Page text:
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Unidentified British Officer

Cabinet Photograph
Pietermaritzburg, Natal
South Africa

August 1900
Aside from a short ink inscription on this photograph's reverse side
that reads
"Taken Aug. 1900" little can be ascertained regarding this
British officer who saw service during the Anglo-Boer War.

No hint as to his rank is easily visible although his shoulder straps
seem to have only one rank insignia on each which given his apparent
age would seem make him a likely candidate for the rank of major.
Additionally no regimental insignia of nay sort can be seen either on
his tunic of helmet. Since the photograph was taken at
Pietermaritzburg, Natal he may have been attached in some manner
to the Natal Field Force but this is just speculation. Given this it must
be admitted that as the above title states he was a most impeccable of
officers from his perfectly tailored uniform to his equally well
groomed mustache.

After closely examining the image to interesting details were noticed.
Like all British officers this man's uniform and accouterments would
have been tailor made form him prior to his departure for South
Africa. When he had his Sam Browne belt fashioned for him the
maker included a number of bullet loops on the shoulder strap. Te
rounds that can be seen filling these loops are probably for his six
shot .455 Mk IV Webbley but interestingly there are only ten loops...  
Ernest Richard Wadham

1st Battalion
Royal Fusiliers (City of London

Cabinet Photograph

c. 1887
Above is one of a pair of photographs that represent what may be
the most unlikely case of actually establishing the full identity of the
subject that you will find here at

I have had these two images for quite some time but have not posted
them until now since I only suspected whom the soldier in question
actually was but lacked the corroborating evidence to positively pin
the photos and the name together.

On their own the two photographs depict a bandsman of an unknown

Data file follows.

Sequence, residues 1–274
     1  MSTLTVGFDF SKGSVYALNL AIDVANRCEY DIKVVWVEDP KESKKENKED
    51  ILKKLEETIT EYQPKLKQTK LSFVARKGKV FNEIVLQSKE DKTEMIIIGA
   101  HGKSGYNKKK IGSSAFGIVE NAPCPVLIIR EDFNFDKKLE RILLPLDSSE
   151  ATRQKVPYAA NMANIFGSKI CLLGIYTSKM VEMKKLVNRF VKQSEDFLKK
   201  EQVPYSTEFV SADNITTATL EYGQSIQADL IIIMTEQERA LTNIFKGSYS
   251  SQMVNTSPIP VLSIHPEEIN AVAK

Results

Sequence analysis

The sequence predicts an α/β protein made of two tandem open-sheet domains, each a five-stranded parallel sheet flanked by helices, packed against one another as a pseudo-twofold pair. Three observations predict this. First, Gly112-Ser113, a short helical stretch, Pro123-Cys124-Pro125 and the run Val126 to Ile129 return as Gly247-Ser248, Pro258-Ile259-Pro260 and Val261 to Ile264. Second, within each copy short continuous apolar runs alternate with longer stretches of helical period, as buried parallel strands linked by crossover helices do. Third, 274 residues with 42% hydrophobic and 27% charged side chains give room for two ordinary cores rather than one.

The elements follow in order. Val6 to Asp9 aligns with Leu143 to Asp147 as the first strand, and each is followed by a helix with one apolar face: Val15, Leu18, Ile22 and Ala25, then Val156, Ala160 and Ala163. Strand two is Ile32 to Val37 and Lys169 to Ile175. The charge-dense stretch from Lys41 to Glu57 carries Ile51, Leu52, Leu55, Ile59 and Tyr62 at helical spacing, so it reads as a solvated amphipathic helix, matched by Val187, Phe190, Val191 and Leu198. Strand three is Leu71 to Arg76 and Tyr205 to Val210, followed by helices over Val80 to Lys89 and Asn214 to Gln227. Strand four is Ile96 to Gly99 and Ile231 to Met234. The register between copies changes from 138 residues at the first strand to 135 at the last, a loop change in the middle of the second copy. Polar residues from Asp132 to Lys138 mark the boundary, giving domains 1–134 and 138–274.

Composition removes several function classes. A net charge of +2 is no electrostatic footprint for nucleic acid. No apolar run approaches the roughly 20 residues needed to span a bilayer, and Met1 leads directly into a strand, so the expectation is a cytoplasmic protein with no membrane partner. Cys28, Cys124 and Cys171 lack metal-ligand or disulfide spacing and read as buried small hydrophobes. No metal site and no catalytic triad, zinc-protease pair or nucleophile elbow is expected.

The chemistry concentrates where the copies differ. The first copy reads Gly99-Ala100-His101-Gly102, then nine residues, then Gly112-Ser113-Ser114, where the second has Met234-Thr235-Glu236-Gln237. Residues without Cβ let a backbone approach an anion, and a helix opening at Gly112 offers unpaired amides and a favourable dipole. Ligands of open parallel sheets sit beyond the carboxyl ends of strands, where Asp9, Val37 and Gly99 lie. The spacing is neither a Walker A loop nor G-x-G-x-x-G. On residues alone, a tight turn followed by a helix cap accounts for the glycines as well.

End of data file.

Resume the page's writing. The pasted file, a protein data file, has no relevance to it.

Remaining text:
fusilier regiment, which were taken some time apart. The first image
shows the young soldier in three-quarter wearing his scarlet
bandsman’s full dress tunic. This image is unmarked as to
photographer, location or date but bears an ink inscription on the
reverse side that reads: “To Effie from Ernie.” The second photo
shows the same soldier (seated at left) some years later – he is now a
Lance Corporal – with two other bandsmen from his battalion. This
image was taken in Cairo by M. Venieris and is undated but bears...
Postal Cover from
No. 2866 Private Arthur Haigh
2nd Battalion/the Grenadier Guards

Harrismith, Orange River Colony
South Africa

March 1901
No. 2866 Private Arthur Haigh of
the Grenadier Guards was
something of an inconsistent
soldier to say the least. He was
born about 1872 at Clifton,
Yorkshire to John J. Brown a
tailor and Martha Haigh. He chose
to enlist under the name of Arthur
Haigh and it could be that John
Brown was his stepfather or
perhaps Arthur chose to enlist
under his mother's maiden name
as an alias.
On 26 June 1920 Colonel B. W. Y. Danford,
R.E., Brigadier General Cuthbert Henry
Tyndall Lucas and a Colonel Tyrrell were off
to enjoy what they thought would be a quiet
day of salmon fishing not far from the British
military barracks at Fermoy, Ireland.  
Although accounts differ a bit in the details,
the three British officers were waylaid by
four members of the Irish Republican Army -
Liam Lynch, George Power, Sean Moylan and
Patrick Clanc. Although all three of the
officers were veterans of the recently ended
World War, being out numbered and
surrounded they saw the better part of valour
and surrendered they revolvers they
habitually carried to the Irish Republicans.
An account of the kidnapping and it
immediate aftermath appeared in the 28
June 1920 edition of
The Times:
2nd Lt. Bertram W. Y. Danford
Royal Engineers

Cabinet Photograph
London, England

c. 1894
James Booth Clarkson

Royal Merchant Navy
3rd Battalion, the Royal Fusiliers
Placer County Citrus Colony
Natal Medical Corps
Australian Army Medical Corps

Cabinet Style Photograph

c. 1880s
His is an unusual story to say
the least. While James Booth
Clarkson is a historically obscure
personage today his life is rather
unusual and military point of
view, one that does not quite fit
into the expected categories. He
was medical doctor who resigned...
Drummer John Francis Dunne

A Company
1st Battalion
Royal Dublin Fusiliers

Cabinet Photograph

c. 1880s
When originally purchased, I had no idea
as to the identity of this young soldier, the
image being purchased simply due to its
unique nature and remarkable clarity. I was
contacted by Jenny Bosch - a member of an
Anglo-Boer War group on Facebook - who
kindly informed me of this young man's

John Francis Dunne was born around 1886...